Two Facets of Afro-Brazilian Neo-Traditionalism: New Yorubaness and African Islam

Anna Yurievna Siim, Nikolay Aleksandrovich Dobronravin


The purpose of the article is a comparative description of different trajectories in the formation of neo-traditional communities within the frames of trans-oceanic societies with the example of the Afro-Brazilian population. It focuses on the development of new identities on the base of re-invention of ethnic and/or ethno-confessional “roots” in the New World before and after the abolition of slavery. The increased focus on Africa in the history and culture of the Afro-Latin communities led to the re-interpretation of a homogenized African ethnicity, as well as of various ethnic and/or pseudo-ethnic identities, modern yorubanness being one of the most persistent. Yorubanness implies a religious and cultural entity at a transcontinental scale combining a local ethnic base with the pan-African and trans-Atlantic dimensions. The “re-invention” of Afro-Brazilian Islam as another facet of Afro-Brazilian neo-traditionalism may be looked upon on its own and as a part of the Yoruba narrative.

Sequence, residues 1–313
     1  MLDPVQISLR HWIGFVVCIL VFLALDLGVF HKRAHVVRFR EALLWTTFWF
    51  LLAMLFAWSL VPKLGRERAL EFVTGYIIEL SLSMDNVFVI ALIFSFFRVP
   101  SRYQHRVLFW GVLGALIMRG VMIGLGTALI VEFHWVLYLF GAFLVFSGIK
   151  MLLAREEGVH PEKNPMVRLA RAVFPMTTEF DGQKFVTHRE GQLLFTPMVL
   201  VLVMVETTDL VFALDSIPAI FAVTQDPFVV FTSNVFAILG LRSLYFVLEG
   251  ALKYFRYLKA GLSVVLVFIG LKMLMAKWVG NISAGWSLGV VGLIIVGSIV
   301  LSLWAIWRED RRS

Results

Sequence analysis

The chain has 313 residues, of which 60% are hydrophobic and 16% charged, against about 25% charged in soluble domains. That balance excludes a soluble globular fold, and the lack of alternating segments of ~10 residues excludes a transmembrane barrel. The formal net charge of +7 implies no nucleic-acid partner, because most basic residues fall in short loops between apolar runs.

Afro-Brazilians, Yoruba, Islam, neo-traditional communities, Trans-oceanic societies.

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